Adolphus Murdered, Goths Seek, Give up on Africa, Totally Conquer Spain for the Goths (415-418) under Wallia, new king of Goths
  • The Goths elect a leader Singeric who kills all relatives of Adolphus, then himself is killed 7 month later – Wallia is elected next – the Goths (again) look longingly at the peaceful fruitful fields of North Africa but are turned back by fear of ocean travel
  • Wallia goes on to wipe out many Germanic races, many slide into other tribes after defeat – Spain is not Gothic

    Goths legally established in Aquitaine, the Burgundians in Burgundy, the Franks in Upper France
  • The Goths move on to Aquitaine – south-western France – and “legally” occupy it (419)
  • The Burgundians get “legal” rights to a couple of provinces of Gaul (First of Upper Germany)- by the usurper Jovinus’s grant, confirmed by Honorius!!! – they become the Duchy or County of Burgundy
  • The Franks get Second or Lower Germany as well as their original homelands oustside of the empire

    State of Locals Under the Barbarian “Guests”
  • The barbarians take land, but sometimes give (poor) money compensation for it
  • They maintain “legal” armies by taking the imperial titles (given BY the emperors) of Master Generals of the Armies
  • Barbarians and Romans live side by side – often under completely different laws – Roman and barbarian


    Photo of teh Pyrenees - Cirque de Gavarnie & Grande Cascade, 'Pyrénées-Mont Perdu'  (World Heritage Site)  Hautes Pyrénées / France.  This is the natural (though not very high or impregnable) boundary that blocks easy movement from France into Spain.  It was given over by imperial treachery during the Germanic Invasions of 409.

    Photo of the Pyrenees - Cirque de Gavarnie & Grande Cascade, 'Pyrénées-Mont Perdu' (World Heritage Site) Hautes Pyrénées / France. This is the natural (though not very high or impregnable) boundary that blocks easy movement from France into Spain. It was penetrated by the Vandals, Seuvi, and Alani through Roman Imperial treachery (and stupidity) during the Germanic Invasions of Spain in 409.

    How The Empire Fell – In the End Just a Few Legions Make All the Difference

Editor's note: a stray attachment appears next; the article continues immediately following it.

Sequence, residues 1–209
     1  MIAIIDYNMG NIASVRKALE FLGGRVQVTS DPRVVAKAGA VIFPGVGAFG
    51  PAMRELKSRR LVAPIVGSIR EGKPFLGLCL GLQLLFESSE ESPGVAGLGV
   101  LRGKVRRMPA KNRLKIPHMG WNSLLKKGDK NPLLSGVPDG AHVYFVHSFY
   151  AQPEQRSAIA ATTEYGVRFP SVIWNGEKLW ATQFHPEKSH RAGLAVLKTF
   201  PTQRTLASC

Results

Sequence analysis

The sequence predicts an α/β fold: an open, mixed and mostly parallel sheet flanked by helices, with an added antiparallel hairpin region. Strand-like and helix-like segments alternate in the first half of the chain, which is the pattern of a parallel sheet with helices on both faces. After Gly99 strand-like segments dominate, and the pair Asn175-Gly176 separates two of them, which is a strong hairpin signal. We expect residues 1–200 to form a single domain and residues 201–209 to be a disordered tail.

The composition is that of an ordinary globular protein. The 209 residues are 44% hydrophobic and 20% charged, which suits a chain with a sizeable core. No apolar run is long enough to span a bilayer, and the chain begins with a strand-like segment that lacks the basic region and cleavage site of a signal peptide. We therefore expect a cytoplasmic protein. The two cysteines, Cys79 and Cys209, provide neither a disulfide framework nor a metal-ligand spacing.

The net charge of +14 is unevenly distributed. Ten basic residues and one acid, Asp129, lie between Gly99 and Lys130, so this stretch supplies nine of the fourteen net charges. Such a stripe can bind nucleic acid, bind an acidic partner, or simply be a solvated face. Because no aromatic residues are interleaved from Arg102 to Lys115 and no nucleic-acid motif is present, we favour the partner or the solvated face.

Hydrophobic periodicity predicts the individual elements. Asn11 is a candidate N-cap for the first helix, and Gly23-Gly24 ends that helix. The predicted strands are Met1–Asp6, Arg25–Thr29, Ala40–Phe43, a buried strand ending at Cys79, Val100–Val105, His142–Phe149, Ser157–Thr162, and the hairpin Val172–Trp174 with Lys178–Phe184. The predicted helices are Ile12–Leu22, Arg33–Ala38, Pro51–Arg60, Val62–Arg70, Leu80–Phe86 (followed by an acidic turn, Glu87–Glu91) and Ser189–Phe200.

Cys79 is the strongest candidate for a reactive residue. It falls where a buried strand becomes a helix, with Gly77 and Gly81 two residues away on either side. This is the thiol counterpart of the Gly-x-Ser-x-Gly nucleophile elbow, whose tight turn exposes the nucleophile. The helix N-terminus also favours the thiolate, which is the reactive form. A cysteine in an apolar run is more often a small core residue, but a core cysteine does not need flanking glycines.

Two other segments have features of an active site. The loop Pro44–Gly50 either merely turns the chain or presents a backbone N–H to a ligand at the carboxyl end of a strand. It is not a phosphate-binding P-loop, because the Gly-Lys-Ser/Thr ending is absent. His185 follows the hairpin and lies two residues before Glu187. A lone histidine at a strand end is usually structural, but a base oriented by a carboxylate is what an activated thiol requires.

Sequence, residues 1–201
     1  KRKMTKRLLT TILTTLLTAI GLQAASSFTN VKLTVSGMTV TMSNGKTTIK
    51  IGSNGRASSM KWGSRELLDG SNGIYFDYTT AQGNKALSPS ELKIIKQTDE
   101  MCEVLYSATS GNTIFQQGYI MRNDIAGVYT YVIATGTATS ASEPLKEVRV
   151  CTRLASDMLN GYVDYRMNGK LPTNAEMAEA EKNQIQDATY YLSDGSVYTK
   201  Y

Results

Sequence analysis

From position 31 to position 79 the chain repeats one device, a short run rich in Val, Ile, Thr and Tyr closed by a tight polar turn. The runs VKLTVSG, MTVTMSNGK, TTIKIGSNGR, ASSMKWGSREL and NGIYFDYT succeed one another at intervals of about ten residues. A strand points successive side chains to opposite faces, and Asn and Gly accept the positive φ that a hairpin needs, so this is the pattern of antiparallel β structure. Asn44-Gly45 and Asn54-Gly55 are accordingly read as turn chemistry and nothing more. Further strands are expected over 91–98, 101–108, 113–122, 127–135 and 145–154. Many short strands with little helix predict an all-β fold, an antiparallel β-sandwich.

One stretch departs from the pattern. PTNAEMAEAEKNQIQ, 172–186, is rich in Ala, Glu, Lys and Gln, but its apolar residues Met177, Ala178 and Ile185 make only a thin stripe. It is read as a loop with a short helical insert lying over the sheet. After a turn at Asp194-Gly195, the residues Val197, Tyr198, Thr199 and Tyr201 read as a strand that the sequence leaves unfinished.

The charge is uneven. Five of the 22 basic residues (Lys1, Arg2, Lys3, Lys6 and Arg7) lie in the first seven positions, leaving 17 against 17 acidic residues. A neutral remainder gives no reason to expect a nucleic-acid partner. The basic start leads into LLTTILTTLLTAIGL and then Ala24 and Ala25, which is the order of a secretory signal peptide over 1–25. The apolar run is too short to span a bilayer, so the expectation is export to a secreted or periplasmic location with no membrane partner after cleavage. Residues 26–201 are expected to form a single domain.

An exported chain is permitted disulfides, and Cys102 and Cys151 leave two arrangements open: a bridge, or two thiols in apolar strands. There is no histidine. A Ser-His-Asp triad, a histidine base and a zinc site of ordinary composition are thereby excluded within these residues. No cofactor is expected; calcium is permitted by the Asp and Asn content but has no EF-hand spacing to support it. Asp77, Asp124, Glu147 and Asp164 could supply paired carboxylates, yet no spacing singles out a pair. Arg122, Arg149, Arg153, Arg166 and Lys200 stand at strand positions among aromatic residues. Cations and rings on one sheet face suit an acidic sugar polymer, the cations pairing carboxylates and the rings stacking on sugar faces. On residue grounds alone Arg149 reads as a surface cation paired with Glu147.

Spain was a totally un-ravished set of Roman provinces in the early 400’s and had been for 400 years. Not that Spain was un-warlike , it was protected by its remoteness and its natural frontier in the Pyrenees and the protection (most importantly) by its own native troops who guarded the borders. How did it fall eventually, and so easily in 409? The native troops were replaced by imperial legions (who were mostly mercenary, almost barbarian at this point, and not particularly interested at all in dying for the sake of Roman Hispania or the concept of the Roman Empire even if it came to that). Constantine (the usurper) re-assigned the border (the Pyrenees) to his own “crack” imperial troops, then sped off to Arles to defend his life. Unsurprisingly, when the Alanic, Suevic, and Vandalic hordes descended upon the Spanish peninusula, instead of finding a fierce contest (which may have spared Spain for a generation possibly), they found pliable, buy-able, treasonous imperial troops who opened the doors wide open and brought the war to every city, field, and village in Roman Spain – thus destroying the economy, and breaking the back of Spanish prosperity for centuries.

    This from Gibbon:

    The arts and sciences flourished under the protection of the emperors; and if the character of the Spaniards was enfeebled by peace and servitude, the hostile approach of the Germans, who had spread terror and desolation from the Rhine to the Pyrenees, seemed to rekindle some sparks of military ardour.